PROJECT-BASED INQUIRY SCIENCE

Project-Based Inquiry ScienceTM (PBIScience) is a 3-year middle-school curriculum designed to be taught as stand-alone units. You can teach by domain (Life, Physical, Earth and Space Science) or you can integrate the sciences each year.

Students Learn Like Scientists and Engineers

  • Based on research in the cognitive and learning sciences.
  • Developed through rigorous, iterative, research-based cycles.
  • Integrates science and engineering practices, crosscutting concepts, and core ideas.
  • Big Questions and Big Challenges guide instruction and organize learning progressions.
  • Collaborative groups engage in rigorous science discourse.
  • Students design investigations, generate data, assess the trustworthiness of their data, make claims, and justify claims with evidence-based explanations.

Engineering and Science Go Hand-in-Hand

  • Solving an engineering problem: Students are presented with a realistic community scenario and a problem they need to address.
  • Addressing an engineering design challenge: Students iteratively design, build, and test a device.
  • Answering a Driving Question: Students answer a complex science question about a phenomenon that has real-world implications.

Support for Teachers

  • Student Editions and educative Teacher Guides are available in print and digital formats.
  • A CyberPD website provides preparation and just-in-time support, including professional-
development, unit walkthrough, and setup videos.
  • A professional learning community provides opportunities to communicate and share
    ideas with others.

Introduction

In PBIScience, students take part in science learning experiences framed around answering Big Questions or addressing Big Challenges that guide instruction and serve to organize their learning progressions. As students pursue answers, they conduct investigations, make models, collect and analyze data, weigh evidence, write explanations, and discuss and present findings.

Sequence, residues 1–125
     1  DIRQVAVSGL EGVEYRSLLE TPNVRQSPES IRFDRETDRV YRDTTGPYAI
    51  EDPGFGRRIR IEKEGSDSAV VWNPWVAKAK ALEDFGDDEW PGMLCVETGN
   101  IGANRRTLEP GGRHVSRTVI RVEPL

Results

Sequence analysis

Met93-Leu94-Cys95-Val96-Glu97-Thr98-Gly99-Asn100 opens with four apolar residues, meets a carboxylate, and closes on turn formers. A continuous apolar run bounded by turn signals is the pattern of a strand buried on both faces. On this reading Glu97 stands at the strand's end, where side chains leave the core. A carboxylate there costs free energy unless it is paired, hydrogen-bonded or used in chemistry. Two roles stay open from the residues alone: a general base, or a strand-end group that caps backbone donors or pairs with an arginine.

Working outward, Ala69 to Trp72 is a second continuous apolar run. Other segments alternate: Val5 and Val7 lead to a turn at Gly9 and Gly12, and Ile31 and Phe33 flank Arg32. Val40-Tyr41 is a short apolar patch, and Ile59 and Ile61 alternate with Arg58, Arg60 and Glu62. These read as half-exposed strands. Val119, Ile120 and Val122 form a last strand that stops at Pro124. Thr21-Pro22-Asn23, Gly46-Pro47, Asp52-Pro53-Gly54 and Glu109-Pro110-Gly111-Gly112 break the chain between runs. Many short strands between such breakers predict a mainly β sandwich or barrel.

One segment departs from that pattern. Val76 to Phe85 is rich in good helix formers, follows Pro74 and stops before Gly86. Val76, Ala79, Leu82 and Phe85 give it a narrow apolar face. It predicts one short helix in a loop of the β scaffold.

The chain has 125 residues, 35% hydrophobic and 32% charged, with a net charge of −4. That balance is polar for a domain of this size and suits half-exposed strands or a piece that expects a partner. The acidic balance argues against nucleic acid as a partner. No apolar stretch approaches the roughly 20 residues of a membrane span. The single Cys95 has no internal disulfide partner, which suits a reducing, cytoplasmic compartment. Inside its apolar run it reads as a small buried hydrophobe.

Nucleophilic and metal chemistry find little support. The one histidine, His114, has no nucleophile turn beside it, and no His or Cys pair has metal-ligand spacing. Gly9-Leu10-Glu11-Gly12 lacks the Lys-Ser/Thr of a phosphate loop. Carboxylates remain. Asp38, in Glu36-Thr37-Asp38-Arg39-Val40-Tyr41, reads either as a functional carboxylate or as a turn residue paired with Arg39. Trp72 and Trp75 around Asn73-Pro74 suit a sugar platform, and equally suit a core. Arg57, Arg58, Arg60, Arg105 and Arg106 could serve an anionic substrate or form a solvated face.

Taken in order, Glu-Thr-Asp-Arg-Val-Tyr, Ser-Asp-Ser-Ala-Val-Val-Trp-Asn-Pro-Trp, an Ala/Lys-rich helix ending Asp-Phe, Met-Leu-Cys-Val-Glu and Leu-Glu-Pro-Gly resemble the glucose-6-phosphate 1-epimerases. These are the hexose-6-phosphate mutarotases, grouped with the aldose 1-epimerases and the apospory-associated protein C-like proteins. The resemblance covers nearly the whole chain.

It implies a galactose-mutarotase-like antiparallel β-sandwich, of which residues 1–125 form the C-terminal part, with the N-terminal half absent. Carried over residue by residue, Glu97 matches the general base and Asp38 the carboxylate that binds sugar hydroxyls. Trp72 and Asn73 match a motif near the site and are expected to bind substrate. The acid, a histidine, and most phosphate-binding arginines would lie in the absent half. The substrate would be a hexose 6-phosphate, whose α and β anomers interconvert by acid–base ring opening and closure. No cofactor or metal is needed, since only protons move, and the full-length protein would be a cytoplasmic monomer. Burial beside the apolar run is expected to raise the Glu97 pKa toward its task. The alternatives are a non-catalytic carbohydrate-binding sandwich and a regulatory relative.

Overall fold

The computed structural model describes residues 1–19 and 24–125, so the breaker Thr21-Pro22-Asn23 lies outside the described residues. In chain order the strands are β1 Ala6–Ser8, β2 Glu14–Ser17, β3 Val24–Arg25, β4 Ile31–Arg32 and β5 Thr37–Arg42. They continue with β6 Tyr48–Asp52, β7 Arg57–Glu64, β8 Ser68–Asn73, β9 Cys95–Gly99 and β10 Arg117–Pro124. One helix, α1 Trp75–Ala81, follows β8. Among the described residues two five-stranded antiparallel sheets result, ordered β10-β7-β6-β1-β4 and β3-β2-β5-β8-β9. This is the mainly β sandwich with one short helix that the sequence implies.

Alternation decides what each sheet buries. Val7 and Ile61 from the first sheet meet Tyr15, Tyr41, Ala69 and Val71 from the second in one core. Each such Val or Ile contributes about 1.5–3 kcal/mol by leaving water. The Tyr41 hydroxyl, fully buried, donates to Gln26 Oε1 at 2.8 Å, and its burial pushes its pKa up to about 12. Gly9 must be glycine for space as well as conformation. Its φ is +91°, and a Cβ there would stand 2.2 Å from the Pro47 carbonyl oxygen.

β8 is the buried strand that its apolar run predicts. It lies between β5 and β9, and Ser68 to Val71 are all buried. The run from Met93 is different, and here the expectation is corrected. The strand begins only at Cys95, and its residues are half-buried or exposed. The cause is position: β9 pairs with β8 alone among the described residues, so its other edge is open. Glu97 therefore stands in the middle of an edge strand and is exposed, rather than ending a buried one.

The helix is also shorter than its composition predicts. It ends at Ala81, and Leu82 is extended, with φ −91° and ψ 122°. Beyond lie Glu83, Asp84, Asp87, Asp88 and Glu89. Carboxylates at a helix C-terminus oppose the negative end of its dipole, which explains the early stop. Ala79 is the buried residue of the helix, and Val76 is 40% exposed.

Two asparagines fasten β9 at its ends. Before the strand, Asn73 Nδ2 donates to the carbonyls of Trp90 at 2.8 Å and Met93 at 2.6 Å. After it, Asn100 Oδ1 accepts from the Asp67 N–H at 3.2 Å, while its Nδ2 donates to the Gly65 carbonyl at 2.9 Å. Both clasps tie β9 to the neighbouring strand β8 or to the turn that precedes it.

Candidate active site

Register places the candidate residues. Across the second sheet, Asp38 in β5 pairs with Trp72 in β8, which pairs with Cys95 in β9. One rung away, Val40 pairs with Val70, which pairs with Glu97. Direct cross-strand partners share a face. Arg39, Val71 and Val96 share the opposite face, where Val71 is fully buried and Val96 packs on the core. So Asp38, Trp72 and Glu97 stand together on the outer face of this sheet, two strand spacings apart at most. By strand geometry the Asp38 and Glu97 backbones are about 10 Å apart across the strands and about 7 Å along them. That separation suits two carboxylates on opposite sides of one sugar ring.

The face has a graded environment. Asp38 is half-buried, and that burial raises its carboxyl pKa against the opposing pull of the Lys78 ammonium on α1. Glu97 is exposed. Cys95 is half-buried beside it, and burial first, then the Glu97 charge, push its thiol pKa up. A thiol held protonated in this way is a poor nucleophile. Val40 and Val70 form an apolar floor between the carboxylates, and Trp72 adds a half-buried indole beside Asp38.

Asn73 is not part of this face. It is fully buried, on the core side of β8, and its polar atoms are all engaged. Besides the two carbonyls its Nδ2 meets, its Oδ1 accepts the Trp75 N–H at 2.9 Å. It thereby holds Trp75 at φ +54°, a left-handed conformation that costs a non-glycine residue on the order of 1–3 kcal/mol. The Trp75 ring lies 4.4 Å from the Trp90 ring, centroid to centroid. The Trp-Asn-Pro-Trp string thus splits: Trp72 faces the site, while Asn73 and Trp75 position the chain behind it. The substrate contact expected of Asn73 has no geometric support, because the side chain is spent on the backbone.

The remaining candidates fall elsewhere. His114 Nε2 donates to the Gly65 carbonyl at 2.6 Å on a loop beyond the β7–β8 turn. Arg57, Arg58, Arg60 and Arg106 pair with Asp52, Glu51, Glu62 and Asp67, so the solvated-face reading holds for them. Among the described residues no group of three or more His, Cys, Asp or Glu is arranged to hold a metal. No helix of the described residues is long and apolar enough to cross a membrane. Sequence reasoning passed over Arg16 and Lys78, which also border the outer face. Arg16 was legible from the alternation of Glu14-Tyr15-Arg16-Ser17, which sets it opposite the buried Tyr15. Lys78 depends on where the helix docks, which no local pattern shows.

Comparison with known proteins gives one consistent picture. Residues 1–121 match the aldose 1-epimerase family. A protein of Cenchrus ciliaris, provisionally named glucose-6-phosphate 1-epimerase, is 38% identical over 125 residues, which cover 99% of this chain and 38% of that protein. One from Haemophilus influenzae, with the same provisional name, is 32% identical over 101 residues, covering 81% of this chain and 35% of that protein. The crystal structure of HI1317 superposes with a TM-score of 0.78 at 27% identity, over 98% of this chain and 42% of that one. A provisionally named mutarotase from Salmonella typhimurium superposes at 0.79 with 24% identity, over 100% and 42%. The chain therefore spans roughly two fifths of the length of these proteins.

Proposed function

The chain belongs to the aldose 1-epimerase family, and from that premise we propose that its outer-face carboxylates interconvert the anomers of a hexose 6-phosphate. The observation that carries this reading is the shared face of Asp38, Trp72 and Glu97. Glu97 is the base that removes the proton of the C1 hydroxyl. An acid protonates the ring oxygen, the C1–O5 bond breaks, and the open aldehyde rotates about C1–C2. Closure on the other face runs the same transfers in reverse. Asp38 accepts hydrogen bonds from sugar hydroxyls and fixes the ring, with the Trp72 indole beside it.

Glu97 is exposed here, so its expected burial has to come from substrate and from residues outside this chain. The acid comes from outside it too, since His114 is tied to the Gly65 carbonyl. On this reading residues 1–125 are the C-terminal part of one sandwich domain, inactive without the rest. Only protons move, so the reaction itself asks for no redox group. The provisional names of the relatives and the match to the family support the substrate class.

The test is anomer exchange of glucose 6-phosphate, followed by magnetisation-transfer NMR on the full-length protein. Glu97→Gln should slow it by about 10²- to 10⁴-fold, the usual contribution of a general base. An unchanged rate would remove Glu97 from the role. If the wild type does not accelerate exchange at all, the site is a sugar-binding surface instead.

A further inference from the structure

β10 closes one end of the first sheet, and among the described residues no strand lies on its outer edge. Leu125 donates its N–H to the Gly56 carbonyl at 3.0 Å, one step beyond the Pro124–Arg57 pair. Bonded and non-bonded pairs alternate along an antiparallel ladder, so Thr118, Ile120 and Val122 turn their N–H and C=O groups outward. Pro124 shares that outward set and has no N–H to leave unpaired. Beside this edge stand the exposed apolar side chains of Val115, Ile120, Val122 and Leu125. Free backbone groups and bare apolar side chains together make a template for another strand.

Project-Based Inquiry Science is based on research.
PBIScience is based on the latest research from the cognitive and learning sciences on how students learn. It was supported through National Science Foundation funding and consequently produced through rigorous, iterative, research-based development cycles.

 

PBIScience empowers students with STEM.
Students practice science in the classroom the way that scientists and engineers do. They work in collaborative groups to iteratively solve problems and explore challenges. Science and engineering practices are not just found in isolated inquiry activities, but permeate the entire curriculum.

 

Video Introduction to PBIScience CyberPD.
Total Support for Teaching PBIScience Successfully: Preparation, Just-in-Time Support, Reflection, and a Professional Learning Community.

Units

Animals in Action

Big Question: How do scientists work together to solve problems?

Students design an animal enclosure that allows animals to feed and communicate as they would in their natural habitat, and also allows scientists to make accurate observations of the animal. By addressing the challenge, students explore the practices of biologists, while learning such fundamental science principles as biological structures and functions, adaptations, and interdependence of living things.

Genetics

Big Question: How can knowledge of genetics help feed the world?

Students provide advice about developing a rice plant that is nutritious and can be grown in places that do not get a lot of rain. After being introduced to the worldwide problem of food shortage, students investigate how to develop varieties of rice that could help to alleviate the shortage. Within this context, students learn sexual and asexual reproduction, Mendelian inheritance, Punnett squares, meiosis and mitosis, chromosomes and DNA, how traits and the environment interact, evolution and natural selection, variation, natural and artificial selection, and the promises and potential threats of genetic engineering.